Autopilots

I said before that on watch we only need to check for traffic and other changing conditions. If that’s all we have to do, then who’s steering? The answer is the autopilot!

Wonderland has two autopilots on board. The first one is an electronic one. The other one is analog and operates off of the power of the wind and the boat going through the water. They are both pretty interesting, so I’ll explain them both.

The electronic one is tied into the rest of the electronic instruments via an onboard network called SeaTalk. It gets the current heading from an electronic compass (which lies a lot) and it can also find out the direction of the wind from the mast-top windvane. Finally, it has a sensor of the steering mechanism to know where the rudder is. It uses all that data, plus the course you tell it you want to either steer to the course, or keep a constant angle to the wind. If our GPS was on SeaTalk, it would be able to send the bearing to the next waypoint into the autopilot too. I said the electronic compass lies, but luckily it lies in a manner consistent enough that we can ignore the absolue reading it gives, and just let the autopilot use the changes in the compass reading to steer the boat. The thing about the electronic autopilot is that it takes a lot of electrical current to run it. It’s not the electronics that take so much, it’s the mechanical steering arm that turns electricity into the force necessary to move the rudder. When it is steering, you can go below and look at the power consumption and literally see spikes when it steers left then right over and over to counteract the waves. Power use is important because sailboats are engineered to have small engines, small diesel tanks, and small electrical systems. The windmill and the solar can provide enough power for basic needs, but if you were going to use the electric autopilot 24 hours a day, you’d need to charge the batteries with the diesel engine a lot. When you are at sea for over a week (and there’s always a chance that one week will turn to two or more if various things outside your control go wrong) conserving fuel is important. And there’s always a chance the engine will fail.

In fact in Las Palmas de Gran Canarie, we met a boat named Chant Pagan which had it’s engine fail on the passage. They had only an electric autopilot, so in order to save battery for things like sailing instruments and the radio, they had to steer by hand. There were only three crew on hand experienced enough to steer, so they had a very long passage, each steering on average 8 hours a day. Luckily for them the weather cooperated – almost too well, as they had 25 knots of wind from the NE and tall following seas. Steering in those conditions takes a lot of concentration! Poor Chant Pagan.

Safety comes from redundancy, which is part of why Evi has the other autopilot on board. It is a Rube Goldberg contraption that hangs off the back of the boat. For the first several hours I watched it I swore it couldn’t possibly work. When reality proved me wrong and I looked a little closer at it (after 2 days of puzzling) now I see how it works. The idea is pretty simple. If you stood at the back of the boat holding a piece of cardboard up in the air edge on to the wind, but then the boat turned a little with respect to the wind (due to a wave, say) you’d feel a force exerted on one side or the other of the cardboard, right? And it might be possible to use some ropes and pullies to hook that piece of cardboard up to the steering wheel, right?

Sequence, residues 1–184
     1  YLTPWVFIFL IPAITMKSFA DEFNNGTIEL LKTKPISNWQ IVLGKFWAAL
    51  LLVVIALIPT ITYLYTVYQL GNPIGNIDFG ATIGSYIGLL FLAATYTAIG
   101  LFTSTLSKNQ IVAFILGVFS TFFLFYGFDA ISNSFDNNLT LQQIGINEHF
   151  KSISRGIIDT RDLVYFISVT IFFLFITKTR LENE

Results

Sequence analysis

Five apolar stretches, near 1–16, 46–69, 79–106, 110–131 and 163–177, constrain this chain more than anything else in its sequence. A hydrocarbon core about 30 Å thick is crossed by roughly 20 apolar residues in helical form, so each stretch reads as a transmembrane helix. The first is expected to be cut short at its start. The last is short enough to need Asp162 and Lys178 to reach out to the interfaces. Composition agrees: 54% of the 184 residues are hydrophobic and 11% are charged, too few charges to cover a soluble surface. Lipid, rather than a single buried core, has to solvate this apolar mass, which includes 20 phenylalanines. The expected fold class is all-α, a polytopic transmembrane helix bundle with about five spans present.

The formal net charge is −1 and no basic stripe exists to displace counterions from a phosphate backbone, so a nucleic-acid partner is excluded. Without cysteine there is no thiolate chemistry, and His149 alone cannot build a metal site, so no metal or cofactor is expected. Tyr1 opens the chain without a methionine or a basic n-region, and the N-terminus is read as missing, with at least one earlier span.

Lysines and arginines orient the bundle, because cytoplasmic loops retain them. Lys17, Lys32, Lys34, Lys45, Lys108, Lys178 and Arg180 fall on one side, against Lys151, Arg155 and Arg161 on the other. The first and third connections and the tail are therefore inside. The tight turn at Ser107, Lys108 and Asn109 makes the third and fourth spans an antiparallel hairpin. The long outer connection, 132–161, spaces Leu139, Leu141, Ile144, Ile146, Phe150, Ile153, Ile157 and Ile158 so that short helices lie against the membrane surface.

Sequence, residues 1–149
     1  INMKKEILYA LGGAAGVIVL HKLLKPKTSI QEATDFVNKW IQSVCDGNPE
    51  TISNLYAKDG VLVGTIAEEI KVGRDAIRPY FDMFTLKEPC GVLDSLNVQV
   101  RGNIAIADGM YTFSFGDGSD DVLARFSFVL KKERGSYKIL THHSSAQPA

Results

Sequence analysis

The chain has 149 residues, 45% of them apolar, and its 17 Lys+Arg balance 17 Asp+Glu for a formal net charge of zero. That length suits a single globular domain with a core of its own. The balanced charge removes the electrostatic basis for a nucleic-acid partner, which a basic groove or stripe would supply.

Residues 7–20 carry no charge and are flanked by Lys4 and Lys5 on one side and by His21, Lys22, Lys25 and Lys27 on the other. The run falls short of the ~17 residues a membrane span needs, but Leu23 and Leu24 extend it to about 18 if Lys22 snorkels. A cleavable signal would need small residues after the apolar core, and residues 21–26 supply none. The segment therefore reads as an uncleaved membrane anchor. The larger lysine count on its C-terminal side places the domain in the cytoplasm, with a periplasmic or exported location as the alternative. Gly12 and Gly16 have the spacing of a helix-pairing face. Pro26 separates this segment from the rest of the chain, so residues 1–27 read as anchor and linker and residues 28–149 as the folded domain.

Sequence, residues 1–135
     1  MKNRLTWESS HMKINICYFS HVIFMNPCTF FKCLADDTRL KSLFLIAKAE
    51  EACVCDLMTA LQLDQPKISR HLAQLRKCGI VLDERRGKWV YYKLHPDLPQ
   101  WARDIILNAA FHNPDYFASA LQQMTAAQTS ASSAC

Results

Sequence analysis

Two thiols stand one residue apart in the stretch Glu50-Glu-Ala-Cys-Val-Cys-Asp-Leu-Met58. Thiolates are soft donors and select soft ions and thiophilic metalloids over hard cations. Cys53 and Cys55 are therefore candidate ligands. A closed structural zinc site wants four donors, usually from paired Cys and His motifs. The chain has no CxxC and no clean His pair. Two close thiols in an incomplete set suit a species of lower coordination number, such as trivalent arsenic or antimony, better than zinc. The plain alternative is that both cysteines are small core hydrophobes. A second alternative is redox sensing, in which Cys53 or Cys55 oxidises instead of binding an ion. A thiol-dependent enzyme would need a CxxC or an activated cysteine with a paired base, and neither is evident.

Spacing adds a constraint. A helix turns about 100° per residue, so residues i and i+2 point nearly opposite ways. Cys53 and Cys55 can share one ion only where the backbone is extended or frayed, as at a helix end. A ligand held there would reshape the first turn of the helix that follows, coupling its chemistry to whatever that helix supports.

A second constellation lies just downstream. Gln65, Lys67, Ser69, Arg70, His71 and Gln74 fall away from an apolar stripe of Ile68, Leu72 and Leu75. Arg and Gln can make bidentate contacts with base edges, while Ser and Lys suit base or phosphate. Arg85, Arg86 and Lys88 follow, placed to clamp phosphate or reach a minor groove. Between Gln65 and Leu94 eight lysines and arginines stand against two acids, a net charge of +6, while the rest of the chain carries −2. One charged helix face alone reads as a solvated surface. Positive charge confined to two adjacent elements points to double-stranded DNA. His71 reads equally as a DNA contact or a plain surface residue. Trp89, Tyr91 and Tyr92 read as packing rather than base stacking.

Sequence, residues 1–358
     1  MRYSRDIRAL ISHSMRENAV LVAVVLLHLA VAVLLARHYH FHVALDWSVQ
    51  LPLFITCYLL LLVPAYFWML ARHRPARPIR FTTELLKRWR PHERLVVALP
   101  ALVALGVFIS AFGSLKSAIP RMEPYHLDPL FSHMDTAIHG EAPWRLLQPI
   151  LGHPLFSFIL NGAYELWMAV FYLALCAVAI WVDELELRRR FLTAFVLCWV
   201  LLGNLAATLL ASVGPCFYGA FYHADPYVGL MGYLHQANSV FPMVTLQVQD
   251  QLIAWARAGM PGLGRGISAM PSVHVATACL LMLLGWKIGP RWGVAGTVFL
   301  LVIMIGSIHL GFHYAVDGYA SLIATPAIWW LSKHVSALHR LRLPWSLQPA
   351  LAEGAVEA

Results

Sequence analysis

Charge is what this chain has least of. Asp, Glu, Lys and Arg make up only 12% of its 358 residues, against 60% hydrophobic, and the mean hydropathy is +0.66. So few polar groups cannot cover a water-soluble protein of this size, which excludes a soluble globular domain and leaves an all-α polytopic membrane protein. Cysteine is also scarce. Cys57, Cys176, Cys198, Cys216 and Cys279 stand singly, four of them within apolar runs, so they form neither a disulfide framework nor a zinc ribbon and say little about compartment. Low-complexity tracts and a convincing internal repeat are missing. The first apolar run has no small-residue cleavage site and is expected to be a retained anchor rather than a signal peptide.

So that’s all there is to a windvane steering system. Or it would be, if the piece of cardboard was the size of a billboard, which would never do. The rudder requires quite a lot of force to do its job, so in turn the windvane (cardboard) would need a lot of force to turn the rudder. So what we need is an amplifier. My buddy Cary could whip one right up with a soldering iron and a trip to Fry’s, but then we are back to using too much power (sorry, Cary). What we want is an autopilot that uses no electricity. Where else can we get power on a sailboat? Well, it is a good bet there’s some wind when you want to be using the autopilot, but it’s hard to get enough power out of the wind. And it seems kind of silly to decorate the back of your sailboat with something sail-like to harness the wind you need to steer your boat. If only we could borrow some of the power coming from the mainsail and jib in some form we can use to amplify the control input from the windvane into control output on the shaft of the helm. Well there is, and it’s really clever.

Know how you put your hand out the window of a car, and you can use the wind passing over it to make it go up and down? You can do the same thing in the water flowing behind a moving boat!

So a windvane autopilot works like this: you’ve got a rudder-looking thing hanging off the back of the boat down in the water. It is attached by a Rube Goldberg set of ropes and pulleys to the helm by two ropes, a clockwise one and a counterclockwise one. This rudder thing does NOT steer the boat. It steals power out of the water in order to turn the helm. And the helm leads to the rudder via the usual cables. The rudder steers the boat. Above the autopilot’s rudder is the windvane. It is coupled to the rudder with yet another magical set of linkages that turn the input from the windvane flopping back and forth in the wind into instructions to the rudder to swing back and forth through the water, stealing power and steering the boat.

This is by far the coolest analog computer I’ve ever seen!

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